A Chain Reaction

SAMSUNG

Putting the bite on sharks may not be good for our health.

 There are distinct advantages in being at the top of the food chain.  Not least the fact that with so many choices between the lower end of the scale and ourselves, we don’t have to eat broccoli if we don’t want to.  It’s a system that works well, and one that we’ve refined by successfully exterminating, (or driving to near-extinction), most of our land-based predatory competition.

Taming the world’s oceans has been far more difficult:  especially where sharks are concerned.  Having evolved into perfect feeding machines over the course of 425 million years the shark’s reputation owes more to fiction than to fact; one that’s become tainted by movies like, “Jaws”, and books with graphic cover blurbs like:  “Its grim savagery is horrifying but you will be compelled to remember the dreaded scavenger hungry for human flesh.”  (From a book first published in 1959.)

It’s a view of sharks that’s held sway ever since the first caveman toddled off down to the beach for a bit of a paddle and had his toes mistaken for sardines:  An honest enough blunder in poor visibility, but one that continues to be exploited by ill-informed alarmists who maintain that, in the kill-or-be-killed world of their imagination, it’s in humanity’s best interest to exterminate all sharks.

Demonstrating a savagery in that regard that makes any shark look like a jellyfish by comparison, the score is definitely in man’s favour.  Each year tens of millions of the creatures are fished from the ocean for food or as sport.  In some instances the fins, prized as a delicacy, are cruelly sliced from the beasts and their still living bodies thrown back into the water to die and be eaten by their fellows.

Even recreational divers became caught up in the hysteria.  Armed with spear guns and power-heads several divers rose to prominence during the ‘sixties and ‘seventies for their exploits in killing sharks by the hundreds.  On the eastern seaboard of Australia alone, whole colonies of the Grey Nurse shark, (a fish-eating species falsely reputed to be a ‘man-killer’.), were hunted almost to the point of extinction.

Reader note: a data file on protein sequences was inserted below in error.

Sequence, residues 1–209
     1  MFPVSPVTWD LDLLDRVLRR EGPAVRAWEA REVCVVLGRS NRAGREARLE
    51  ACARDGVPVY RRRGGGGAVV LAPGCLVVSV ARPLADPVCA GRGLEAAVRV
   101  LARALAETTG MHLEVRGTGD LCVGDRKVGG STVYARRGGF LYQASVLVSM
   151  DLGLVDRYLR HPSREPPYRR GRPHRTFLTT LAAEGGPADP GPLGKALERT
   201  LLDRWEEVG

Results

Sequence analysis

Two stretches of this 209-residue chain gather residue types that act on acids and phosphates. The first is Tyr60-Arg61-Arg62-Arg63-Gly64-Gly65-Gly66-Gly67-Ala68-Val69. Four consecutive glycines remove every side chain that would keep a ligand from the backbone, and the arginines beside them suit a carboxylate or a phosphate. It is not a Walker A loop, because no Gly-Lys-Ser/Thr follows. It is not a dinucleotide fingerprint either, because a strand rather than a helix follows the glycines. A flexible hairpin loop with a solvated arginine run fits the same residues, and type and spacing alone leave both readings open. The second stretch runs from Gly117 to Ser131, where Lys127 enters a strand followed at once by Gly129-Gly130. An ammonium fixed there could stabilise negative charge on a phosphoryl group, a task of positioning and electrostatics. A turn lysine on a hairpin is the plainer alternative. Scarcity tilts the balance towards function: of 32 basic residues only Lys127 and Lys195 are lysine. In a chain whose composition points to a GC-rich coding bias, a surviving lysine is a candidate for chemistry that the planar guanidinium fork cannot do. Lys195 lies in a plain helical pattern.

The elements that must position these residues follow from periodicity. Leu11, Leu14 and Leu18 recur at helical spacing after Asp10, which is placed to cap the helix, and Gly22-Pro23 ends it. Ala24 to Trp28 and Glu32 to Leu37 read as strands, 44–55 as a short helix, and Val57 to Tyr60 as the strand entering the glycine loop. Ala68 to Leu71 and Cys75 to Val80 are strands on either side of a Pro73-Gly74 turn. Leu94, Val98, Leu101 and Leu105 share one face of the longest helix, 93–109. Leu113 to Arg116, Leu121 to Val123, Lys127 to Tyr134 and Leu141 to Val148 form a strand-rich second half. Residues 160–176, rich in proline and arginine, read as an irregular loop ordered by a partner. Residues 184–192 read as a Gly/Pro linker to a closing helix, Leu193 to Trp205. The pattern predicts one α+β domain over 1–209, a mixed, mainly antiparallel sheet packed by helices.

To their credit many of those same divers have since become leading marine conservationists.  Swapping spear guns for cameras, they’ve been instrumental in showing us that the only thing we need to fear in the oceans is our own ignorance.

That’s not to suggest that sharks aren’t dangerous.  Many of them are, as witnessed by the comparatively recent spate of highly publicised shark attacks on swimmers in the waters off of Florida.  Separate tragedies that saw the State’s Fish and Wildlife Conservation Commission (FWC) overturn dive industry guidelines on inter-action with the marine environment and impose a complete ban on shark diving and the feeding of marine life.

A decision that, paradoxically, received the support of spear fishing groups as well as self-styled ‘environmentalists’, with both factions implying that dive operators conducting organised shark feeds in remote areas were ecological vandals whose practices threatened public safety.

In keeping with that piece of absurdity, the ban fell short of including commercial fishermen using blood and offal to attract sharks; anglers dangling lines with live bait impaled on a hook; or to spear fishermen who – in the wake of the attacks – wantonly slaughtered and beheaded colonies of nurse sharks:  Acts that went unremarked by the ‘environmentalists’.

Just to put shark attacks into perspective, in 1999 there were 58 confirmed attacks worldwide with a total of four fatalities.  Meanwhile, in the USA alone, road deaths for that same year numbered 41,345.

During 1987, in New York City, 1,587 people received treatment after being bitten by another human whereas, in the whole of the USA, 13 injuries were attributed to shark attacks.  Bee stings, snake and spider bites and being hit by lightning exact a greater toll than sharks.  And in 1996 when 18 shark attacks were recorded across the country, 43,687 New Yorkers’ sustained injury from interactions with toilet bowls.

And then there’s cancer.  A disease that each year accounts for more fatalities than the combined number of shark attacks throughout human history; and one that, according to some researchers, may ultimately be defeated through a better understanding of what it is that makes sharks tick.

All things considered, sharks have received a bum rap from humans.  It’s a situation not helped by turning back the clock and resurrecting old myths and fears about them; or by mischievous and false suggestions that responsibly organised shark feeds encourage attacks on humans.

That’s about as intelligent as suggesting that we ban automobiles and toilet bowls.

—ENDS—

 (The above article first appeared in Asian Diver Magazine in September 2001)



Categories: Counter-Strike

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